Opening a Business in California:
Registering your trade name or "fictitious business name".
This is the second in a series of articles written for the purpose of assisting persons who intend to start a business in California. It is designed for the small business owner who may not be familiar with California law or procedures. In the last article, I discussed choosing the proper business form and registering one's business. In this article, I will describe the process of registering a trade name associated with your business or as it is known, filing a 'fictitious business statement'.
Once you've set up a business and named it, you may wish to open a bank account and start making money. Opening a bank account itself is a simple process in California; essentially, you go to the bank, spend an hour or less with an account officer of the bank, and fill out some forms required, and in a few days, your first set of checks come in the mail. However, there are several steps required before the bank will allow you to open an account.
One is you need to let the government know what name you are using. That is, if you are not using your own name in the business, but rather a trade name or 'fictitious name', it may be necessary to register that name with the County in which you do business. Sole proprietors and general partnerships are not registered with the state, and so it is necessary for them to file 'fictitious business statements' with the County to inform the public of the owners or 'principals' of the company. If corporations and limited liability corporations are only using their actual registered name, then they do not need to file fictitious business statements but those using a different name in the course of their business also must file.
So, for example, if your name is Bill Gates and you open a sole proprietorship known as 'Bill's Software' in San Francisco, you need to file a fictitious business statement in City Hall, San Francisco, which lets the government and the public know that Bill's Software belongs to you. Likewise, if one is a corporation named, say, 'Microsoft', but it wants to do business using the name 'Bill's Software', then it must file a fictitious business statement telling the world that this corporation is using that trade name.
This name is then referred to by the phrase 'doing business as'; for example, Bill Gates doing business as Bill's Software, or in the case of a corporation, 'Microsoft dba Bill's Software'.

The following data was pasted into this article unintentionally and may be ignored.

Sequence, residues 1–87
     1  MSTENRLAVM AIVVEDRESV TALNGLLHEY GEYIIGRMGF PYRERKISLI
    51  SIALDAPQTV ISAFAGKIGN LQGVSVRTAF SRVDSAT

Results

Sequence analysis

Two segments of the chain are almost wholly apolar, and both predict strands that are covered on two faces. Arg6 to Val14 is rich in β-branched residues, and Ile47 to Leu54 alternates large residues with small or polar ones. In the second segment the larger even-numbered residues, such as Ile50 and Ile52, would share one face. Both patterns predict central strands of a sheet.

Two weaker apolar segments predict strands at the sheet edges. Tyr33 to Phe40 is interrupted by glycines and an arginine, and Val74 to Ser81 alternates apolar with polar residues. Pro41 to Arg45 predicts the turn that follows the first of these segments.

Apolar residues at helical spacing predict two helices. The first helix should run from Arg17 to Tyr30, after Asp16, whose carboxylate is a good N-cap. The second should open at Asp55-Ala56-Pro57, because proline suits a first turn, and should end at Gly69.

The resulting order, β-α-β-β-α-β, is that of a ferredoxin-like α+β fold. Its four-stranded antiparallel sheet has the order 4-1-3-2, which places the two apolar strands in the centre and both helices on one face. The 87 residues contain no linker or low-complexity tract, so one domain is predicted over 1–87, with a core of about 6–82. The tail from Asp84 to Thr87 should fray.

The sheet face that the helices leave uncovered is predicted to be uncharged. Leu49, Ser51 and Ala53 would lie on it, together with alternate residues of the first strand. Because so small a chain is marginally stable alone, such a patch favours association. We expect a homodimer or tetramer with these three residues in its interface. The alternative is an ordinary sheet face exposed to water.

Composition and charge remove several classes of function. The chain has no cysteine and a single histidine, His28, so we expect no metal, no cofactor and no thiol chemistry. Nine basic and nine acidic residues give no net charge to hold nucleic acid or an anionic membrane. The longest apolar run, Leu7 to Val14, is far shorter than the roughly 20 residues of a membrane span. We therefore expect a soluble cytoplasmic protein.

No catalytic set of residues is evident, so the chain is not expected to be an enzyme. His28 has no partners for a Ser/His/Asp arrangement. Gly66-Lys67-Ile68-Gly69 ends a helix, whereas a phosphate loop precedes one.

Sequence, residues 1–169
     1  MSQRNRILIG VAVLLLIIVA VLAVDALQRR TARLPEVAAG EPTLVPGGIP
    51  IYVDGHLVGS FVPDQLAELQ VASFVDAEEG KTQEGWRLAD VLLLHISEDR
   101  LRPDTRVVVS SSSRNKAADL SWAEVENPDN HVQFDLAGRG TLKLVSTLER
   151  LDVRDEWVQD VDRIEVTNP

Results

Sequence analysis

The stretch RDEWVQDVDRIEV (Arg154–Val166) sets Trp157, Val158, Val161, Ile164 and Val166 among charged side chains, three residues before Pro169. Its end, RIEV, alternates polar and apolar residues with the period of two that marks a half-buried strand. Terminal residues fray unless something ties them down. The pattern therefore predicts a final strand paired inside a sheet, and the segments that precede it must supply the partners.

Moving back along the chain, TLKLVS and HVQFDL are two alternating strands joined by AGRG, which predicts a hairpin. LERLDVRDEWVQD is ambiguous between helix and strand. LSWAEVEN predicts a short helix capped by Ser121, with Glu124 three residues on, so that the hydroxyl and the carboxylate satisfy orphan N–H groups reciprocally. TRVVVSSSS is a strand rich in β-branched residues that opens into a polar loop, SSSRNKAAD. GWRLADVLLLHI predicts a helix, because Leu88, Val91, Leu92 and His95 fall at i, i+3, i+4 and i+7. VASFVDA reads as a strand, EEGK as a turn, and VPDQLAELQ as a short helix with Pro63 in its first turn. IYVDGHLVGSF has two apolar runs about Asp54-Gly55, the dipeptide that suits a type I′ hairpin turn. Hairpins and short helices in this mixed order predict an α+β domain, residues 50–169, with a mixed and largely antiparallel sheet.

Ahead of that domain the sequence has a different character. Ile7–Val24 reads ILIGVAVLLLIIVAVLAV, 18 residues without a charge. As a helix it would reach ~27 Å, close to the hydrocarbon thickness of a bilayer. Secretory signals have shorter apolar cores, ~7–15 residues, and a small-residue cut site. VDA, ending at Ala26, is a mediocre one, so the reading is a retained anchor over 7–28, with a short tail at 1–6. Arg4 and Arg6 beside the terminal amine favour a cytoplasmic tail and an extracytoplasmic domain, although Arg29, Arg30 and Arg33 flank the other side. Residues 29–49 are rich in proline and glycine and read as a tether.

There are very specific rules for when you need to file a fictitious business statement and when you do not. If you use your entire first and last name, 'Bill Gates' Software', then you do not need to file. If you use only your first name or initials, like 'B.G. Software' , then you have to file. If you have a partnership using the last names of the partners, let's say 'Gates and Jobs Computer Equipment', there's no need to file. However, if it's any other partnership name, even one using the first names ' such as 'Bill and Steve's Computers' -- then it will be required to file.
Of course, every business owner believes their business name is original and unique. However, if it is not, when one attempts to file the fictitious business statement, the county will not allow use of the name. Before a business owner can register a fictitious business name, a search of the county database of registered names will be done to make sure the name is not already taken. If your name is Bill Gates and you get the idea to do business in California as 'Apple Computers', you can be pretty sure that you won't be allowed to do so.
After filing it with the County, you need to publish your fictitious business statement in a 'newspaper of general circulation'. The County office gives you an approved list. There are certain legal or specialty newspapers who do this more cheaply than the big newspapers. The purpose of this is to give formal notice to the world, or at least the subscribers of that newspaper, that you have started your business using the name chosen.
These county fictitious business records are important for many purposes. They give consumers a way of making complaints about business owners that may not be otherwise identified. Certainly if a lawsuit against a business needs to be filed, especially if that business is not a corporation and does not use the owner's name, one needs to know who the owner is and where to serve him the legal papers. Lastly it serves to ensure that two or more businesses are not using the same name in the same county for their business.
It is necessary for small business owners to go through this formality. For one, business owners break the law by not registering their trade names, and theoretically risk being closed down by the County (at least temporarily). But there is also the risk that after one has invested time, money and hard work in building up the reputation of a name, if it is not registered, the name may be taken and used by someone else who may benefit from all of your hard work and effort.